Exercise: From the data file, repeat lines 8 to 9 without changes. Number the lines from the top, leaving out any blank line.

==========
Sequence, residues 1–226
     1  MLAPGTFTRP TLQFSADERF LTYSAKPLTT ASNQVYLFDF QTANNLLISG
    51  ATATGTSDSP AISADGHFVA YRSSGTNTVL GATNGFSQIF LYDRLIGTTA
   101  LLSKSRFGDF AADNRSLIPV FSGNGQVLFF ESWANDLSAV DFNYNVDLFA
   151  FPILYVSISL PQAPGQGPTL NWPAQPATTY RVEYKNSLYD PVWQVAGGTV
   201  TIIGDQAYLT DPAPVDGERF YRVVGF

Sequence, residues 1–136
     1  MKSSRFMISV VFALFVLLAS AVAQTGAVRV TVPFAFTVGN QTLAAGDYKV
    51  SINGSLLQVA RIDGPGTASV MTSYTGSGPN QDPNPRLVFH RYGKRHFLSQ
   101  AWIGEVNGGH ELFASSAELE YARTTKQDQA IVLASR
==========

     1  MKSSRFMISV VFALFVLLAS AVAQTGAVRV TVPFAFTVGN QTLAAGDYKV
    51  SINGSLLQVA RIDGPGTASV MTSYTGSGPN QDPNPRLVFH RYGKRHFLSQ